The purpose of the rail freight package was not only environmental—to take more traffic off the roads and onto the railways—but, more importantly, to try to open up an efficient and competitive market for rail freight moving within the European Union. Obviously, we have looked at the difficulties encountered by UK rail freight operators travelling through the tunnel, then through France to other destinations in Europe, and at the restrictions, problems and headaches that they have encountered. Eight years on, the Commission has finally realised that things have not worked out as well as they should. In June 2008, 24 member states were written to, pointing out where they had not fully complied with the requirements of the first rail freight package. I believe that, today, 21 out of that 24 are still in breach of their duties in implementing the directive. I do not wish to single out any particular countries, but I shall mention four that our rail freight operators seek to pass through: France, Germany, Spain and Belgium. I anticipate that those four are shortly to be subject to infraction proceedings for not implementing the package.
I appreciate that there has been an economic downturn and consolidation in the industry. Particularly in Germany and France, the larger railway undertakings have been able to snap up, at attractive prices, smaller operators. Once you get that consolidation, competition is therefore obviously under threat. Doubtless, the noble Lords, Lord Berkeley and Lord Bradshaw, and other colleagues, may wish to deal with that issue in greater detail, but for the convenience of your Lordships I shall run through the seven key conclusions that we reached.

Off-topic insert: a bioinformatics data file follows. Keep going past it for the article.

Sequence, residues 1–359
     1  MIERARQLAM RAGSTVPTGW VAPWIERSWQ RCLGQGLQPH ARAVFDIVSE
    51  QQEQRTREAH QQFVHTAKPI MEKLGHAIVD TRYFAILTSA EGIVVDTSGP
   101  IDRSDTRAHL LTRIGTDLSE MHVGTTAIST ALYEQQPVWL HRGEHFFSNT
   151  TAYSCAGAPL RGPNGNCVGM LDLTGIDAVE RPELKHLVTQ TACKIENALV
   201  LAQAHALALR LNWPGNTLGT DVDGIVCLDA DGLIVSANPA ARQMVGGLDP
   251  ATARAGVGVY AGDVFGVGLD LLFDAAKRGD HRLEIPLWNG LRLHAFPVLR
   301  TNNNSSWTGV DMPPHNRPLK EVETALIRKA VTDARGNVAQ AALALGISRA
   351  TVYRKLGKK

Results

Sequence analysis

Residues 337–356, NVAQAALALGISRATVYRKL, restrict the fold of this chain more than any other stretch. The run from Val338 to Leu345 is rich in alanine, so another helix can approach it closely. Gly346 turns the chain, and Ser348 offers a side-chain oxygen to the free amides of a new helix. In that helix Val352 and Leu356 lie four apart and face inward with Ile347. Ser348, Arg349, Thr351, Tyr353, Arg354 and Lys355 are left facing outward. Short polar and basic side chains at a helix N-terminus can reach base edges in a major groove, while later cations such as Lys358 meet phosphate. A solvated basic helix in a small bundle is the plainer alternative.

First, we believe that, as in the United Kingdom, the infrastructure—that is, the track—should be under separate management and, indeed, ownership from the train operators. This happens in the United Kingdom, with Network Rail being separate from the passenger and freight train operators. That is important, because you enhance competition if the individual new entrant to a particular new industry is able to deal with a common infrastructure—of track ownership and maintenance—so that there is a level playing field not only for United Kingdom rail freight operators seeking to pass through European countries, but for anyone from the 27 nations.